Air Pollution and Mortality in the Medicare Population

Qian Di, M.S. and Francesca Dominici, Ph.D., discuss their recently published Original Article, "Air Pollution and Mortality in the Medicare Population." The entire Medicare population was used to establish a relationship between all-cause mortality and small particulate matter in the air. Even at concentrations below current air-quality standards, higher levels of particulate matter were associated with higher rates of death. Full study:

Air Pollution and Mortality in the Medicare Population

5 thoughts on “Air Pollution and Mortality in the Medicare Population

  1. Make sure to include “Nano Particulates” from the chemical compounds in “Geo Engineering”, “Climate Engineering” and
    “Stratospheric Aerosol Injection” The chemical compounds composed of Aluminum, Barium, Strontium and “Fly Ash”.
    This is just a small sampling of compounds associated with “Geo Engineering”. Which has been implicated in the destruction of Ozone at the North and South poles. In turn allowing Ultra Violet C band radiation to reach to Earth’s surface.

    • No doubt! But, note, PM2.5 is defined as any particle 2.5µm (2.5 micrometers) in aerodynamic diameter and smaller. So, it includes nano-particles. But, there are very few affordable monitors that can give us an idea of how many particles are 100 nanometers and smaller (the definition of a nano-particle the last I read). But, we do know that the average-sized particle produced from diesel combustion is 100 nanometers. I think we can continue to rely on PM2.5 measurments to be the reliable indicator of the presence of the most harmful nano-particulates. NOTE: Some research reveals that PM1 sized particles (i.e., particles smaller than 1µm) make of about 80% of PM2.5 particulate on average for anthropogenic combustion sources of emissions.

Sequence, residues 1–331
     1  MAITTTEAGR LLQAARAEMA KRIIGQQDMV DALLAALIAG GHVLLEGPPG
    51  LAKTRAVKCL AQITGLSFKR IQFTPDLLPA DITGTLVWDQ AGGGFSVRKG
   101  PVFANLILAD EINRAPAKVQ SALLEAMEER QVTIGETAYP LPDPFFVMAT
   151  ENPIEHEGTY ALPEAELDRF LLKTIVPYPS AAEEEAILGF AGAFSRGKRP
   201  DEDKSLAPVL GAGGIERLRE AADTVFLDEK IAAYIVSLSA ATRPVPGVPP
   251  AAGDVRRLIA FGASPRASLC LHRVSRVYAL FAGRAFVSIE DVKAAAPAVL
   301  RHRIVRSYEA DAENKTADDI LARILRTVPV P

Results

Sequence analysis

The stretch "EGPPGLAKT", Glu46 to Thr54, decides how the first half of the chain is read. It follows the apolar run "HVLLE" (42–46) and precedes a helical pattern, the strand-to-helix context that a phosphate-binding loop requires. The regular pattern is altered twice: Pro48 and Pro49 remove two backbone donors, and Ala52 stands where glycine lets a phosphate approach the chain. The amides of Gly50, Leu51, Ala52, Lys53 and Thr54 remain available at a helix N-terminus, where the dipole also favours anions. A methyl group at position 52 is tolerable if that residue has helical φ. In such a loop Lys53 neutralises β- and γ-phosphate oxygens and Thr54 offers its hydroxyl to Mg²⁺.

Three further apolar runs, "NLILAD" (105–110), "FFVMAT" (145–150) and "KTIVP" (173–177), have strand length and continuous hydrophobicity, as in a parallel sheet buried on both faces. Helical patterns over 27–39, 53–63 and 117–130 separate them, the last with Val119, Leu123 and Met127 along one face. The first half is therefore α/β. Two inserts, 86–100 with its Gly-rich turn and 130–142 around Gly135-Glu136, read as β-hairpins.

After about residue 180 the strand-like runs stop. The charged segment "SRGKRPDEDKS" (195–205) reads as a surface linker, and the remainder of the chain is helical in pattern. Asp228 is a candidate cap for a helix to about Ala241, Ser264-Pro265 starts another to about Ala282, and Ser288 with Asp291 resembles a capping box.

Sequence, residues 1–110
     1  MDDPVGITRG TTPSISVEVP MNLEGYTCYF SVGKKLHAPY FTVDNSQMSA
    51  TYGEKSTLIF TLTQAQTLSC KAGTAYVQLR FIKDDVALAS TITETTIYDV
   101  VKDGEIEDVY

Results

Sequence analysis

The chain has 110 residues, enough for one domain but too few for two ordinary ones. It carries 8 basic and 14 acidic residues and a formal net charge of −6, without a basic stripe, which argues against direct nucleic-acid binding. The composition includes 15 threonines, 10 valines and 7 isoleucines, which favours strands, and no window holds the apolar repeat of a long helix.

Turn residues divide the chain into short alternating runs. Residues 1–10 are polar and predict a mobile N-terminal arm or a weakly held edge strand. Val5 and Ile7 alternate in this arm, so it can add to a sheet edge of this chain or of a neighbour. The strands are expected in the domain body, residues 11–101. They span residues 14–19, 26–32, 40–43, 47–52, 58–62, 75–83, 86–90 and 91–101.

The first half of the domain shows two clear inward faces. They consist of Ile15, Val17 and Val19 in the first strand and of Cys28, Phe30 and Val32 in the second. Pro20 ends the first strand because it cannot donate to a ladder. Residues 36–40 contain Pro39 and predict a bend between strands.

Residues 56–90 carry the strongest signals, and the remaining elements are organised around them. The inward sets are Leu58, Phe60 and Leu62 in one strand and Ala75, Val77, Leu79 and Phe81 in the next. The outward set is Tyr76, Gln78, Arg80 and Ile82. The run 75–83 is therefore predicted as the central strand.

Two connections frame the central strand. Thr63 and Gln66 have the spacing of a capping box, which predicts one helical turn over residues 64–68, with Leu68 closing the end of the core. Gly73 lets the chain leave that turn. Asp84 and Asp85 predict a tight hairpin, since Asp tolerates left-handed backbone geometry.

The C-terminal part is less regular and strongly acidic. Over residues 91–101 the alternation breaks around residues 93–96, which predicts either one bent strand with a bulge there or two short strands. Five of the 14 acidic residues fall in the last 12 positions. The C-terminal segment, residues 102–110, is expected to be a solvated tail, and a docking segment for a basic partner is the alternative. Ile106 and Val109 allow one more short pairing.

2. Who ever controls the blending of test fuels controls the outcome of the study. This is why little effort to remove aromatics from our fuel supply is happening. Aromatics have the highest contribution to PAH, SOA, Ozone and PM 2.5 emissions from mobile sources.

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